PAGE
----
McAllister v. Langford Investigators, Inc.

Annotate this Case

380 So. 2d 299 (1980)

Sylvia Gilmore McALLISTER and Perry McAllister v. LANGFORD INVESTIGATORS, INC.

Civ. 1970.

Court of Civil Appeals of Alabama.

January 2, 1980.

Rehearing Denied January 30, 1980.

Warren S. Reese, Jr., Montgomery, for appellants.

Charles N. Parnell, III, and B. Blaine Brown, III, of Wood, Minor & Parnell, Montgomery, for appellee.

HOLMES, Judge.

The plaintiff sued the defendant for wrongfully taking the plaintiff's car. Additionally, the plaintiff alleged in her complaint that defendant had committed a trespass in taking the car.

*300 At the close of the plaintiff's case before a jury, the defendant moved for a directed verdict. The learned trial judge granted the defendant's motion for a directed verdict and the plaintiff appeals.

The dispositive issue on appeal is whether the trial court erred in granting the directed verdict in favor of defendant. We find no such error and affirm.

At the outset, we note two general principles of law applicable in this instance. In considering the propriety of a directed verdict, the tendencies of the evidence are viewed most favorably to the plaintiff. See, Winn-Dixie Montgomery, Inc. v. Holt, 57 Ala.App. 499, 329 So. 2d 556 (1976); 18A Ala.Digest Trial. However, it is the office of a directed verdict motion to test the sufficiency of the opponent's evidence. When the strongest tendencies of all the evidence fail to make out a case for the plaintiff or the evidence without conflict makes out a case for the opposing side, the motion is due to be granted. Coburn v. American Liberty Ins. Co., Ala., 341 So. 2d 717 (1977); Chandler v. Hunter, Ala.Civ.App., 340 So. 2d 818 (1976); 18A Ala.Digest Trial.

In this instance, the plaintiff's evidence reveals the following:

In October of 1977, the plaintiff purchased an automobile with proceeds from a loan obtained from the Union Bank and Trust Company. The loan agreement called for monthly installment payments. The agreement contained provisions authorizing acceleration of the loan and repossession of the collateral in the event of default. In addition, the agreement contained the following provision:

No waiver by the Lender of any default shall be effective unless in writing nor operate as a waiver of any other default or of the same default on a future occasion.

There was evidence that some of the plaintiff's payments were late. However, each of the late payments was accepted by the bank. A partial payment was made in May, 1978. No payments were made in June, 1978.

On July 6, 1978, the plaintiff went to the bank to ask permission to pay the remainder of the May, 1978, installment on the following Friday. The plaintiff testified that the bank's employee told her that it would "be fine" to make such a late payment. On this same date, July 6, 1978, the defendant, on instructions from the bank, repossessed the automobile.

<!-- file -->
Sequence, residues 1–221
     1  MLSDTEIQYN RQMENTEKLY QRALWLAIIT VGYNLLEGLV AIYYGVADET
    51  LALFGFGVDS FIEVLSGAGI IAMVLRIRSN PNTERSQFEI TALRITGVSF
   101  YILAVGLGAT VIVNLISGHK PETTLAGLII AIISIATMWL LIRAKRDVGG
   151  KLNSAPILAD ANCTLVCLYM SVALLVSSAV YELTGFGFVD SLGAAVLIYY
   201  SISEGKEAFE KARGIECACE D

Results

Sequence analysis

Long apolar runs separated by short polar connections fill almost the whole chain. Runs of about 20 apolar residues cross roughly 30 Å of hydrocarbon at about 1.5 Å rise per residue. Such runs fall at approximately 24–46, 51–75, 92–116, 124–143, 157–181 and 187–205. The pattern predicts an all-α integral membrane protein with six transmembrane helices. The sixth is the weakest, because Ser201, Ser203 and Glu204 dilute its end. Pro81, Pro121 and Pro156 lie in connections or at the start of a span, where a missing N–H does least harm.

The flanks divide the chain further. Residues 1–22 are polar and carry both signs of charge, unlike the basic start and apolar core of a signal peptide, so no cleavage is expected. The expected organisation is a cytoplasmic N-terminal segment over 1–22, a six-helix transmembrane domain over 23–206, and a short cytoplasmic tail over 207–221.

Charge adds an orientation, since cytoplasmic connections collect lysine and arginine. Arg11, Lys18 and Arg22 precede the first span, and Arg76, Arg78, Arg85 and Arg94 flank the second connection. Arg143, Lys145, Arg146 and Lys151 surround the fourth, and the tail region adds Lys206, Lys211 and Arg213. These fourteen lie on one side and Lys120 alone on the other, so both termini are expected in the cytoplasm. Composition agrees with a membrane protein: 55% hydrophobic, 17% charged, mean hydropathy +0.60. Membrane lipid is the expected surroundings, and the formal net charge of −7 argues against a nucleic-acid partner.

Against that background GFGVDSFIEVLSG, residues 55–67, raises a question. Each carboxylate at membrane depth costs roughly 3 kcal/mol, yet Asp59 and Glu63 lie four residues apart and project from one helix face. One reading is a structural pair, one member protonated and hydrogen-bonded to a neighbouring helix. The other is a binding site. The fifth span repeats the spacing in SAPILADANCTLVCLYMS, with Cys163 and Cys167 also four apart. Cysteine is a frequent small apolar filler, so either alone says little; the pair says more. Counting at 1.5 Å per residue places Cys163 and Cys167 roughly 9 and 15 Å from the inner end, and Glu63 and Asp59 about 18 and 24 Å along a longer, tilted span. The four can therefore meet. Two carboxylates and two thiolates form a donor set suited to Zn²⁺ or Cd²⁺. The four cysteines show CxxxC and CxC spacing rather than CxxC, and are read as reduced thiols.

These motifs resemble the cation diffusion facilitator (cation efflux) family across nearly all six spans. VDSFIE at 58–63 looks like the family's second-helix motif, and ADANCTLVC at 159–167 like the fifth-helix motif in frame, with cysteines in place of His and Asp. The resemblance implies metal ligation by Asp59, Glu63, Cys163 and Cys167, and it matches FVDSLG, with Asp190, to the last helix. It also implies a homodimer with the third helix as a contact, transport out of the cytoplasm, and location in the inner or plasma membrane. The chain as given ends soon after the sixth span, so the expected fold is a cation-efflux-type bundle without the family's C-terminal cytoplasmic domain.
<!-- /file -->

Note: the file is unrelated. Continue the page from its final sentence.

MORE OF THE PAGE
The plaintiff by her own testimony admitted that the repossession was effected without a breach of peace and that she was in default on that date. The plaintiff also concedes that the defendant was the duly authorized agent of the bank.

As we perceive the plaintiff's brief, it is her contention that the bank did not have a right to possession in that the bank waived the late payments and was, in view of the facts as indicated above, estopped from repossessing the automobile. Put another way, the bank was not entitled to possession.

As we perceive the recent supreme court case of Hale v. Ford Motor Credit Co., Ala., 374 So. 2d 849 (1979), we have no alternative but to affirm the decision of the trial court.

In Hale, supra, the supreme court held that a security agreement is effective according to its terms. Further, the late payments of a debtor cannot raise an estoppel against the contractual interest of the creditor under the express terms of a security agreement such as we have in this instance.

In the instant case, as a matter of law, there could have been no waiver of late payments under the loan agreement because there was no written waiver and because no prior waiver could have excused the existing default. Thus, the repossession was lawful, and the directed verdict in favor of the defendant was not error.

We would be remiss in not commenting that were it not for the decision of Hale, supra, it would appear to this court that the reasoning in Ott v. Fox, Ala., 362 So. 2d 836 (1978); and Bank of Huntsville v. Witcher, Ala.Civ.App., 336 So. 2d 1384 (1976), would *301 require an opposite result. Under the rationale of these two cases where there was evidence of conduct such as we have in this case and a bank accepting late payments, there would be a jury question of whether the bank was estopped from repossessing the collateral unless it gave prior notice and demanded payment.

In the instant case, the evidence could be interpreted to mean that the bank had created a situation whereby the plaintiff was justified in expecting the bank to continue accepting late payments without repossessing the automobile.

As noted above, however, Hale, supra, is dispositive of this appeal and the trial court is due to be affirmed.


WRIGHT, P. J., and BRADLEY, J., concur.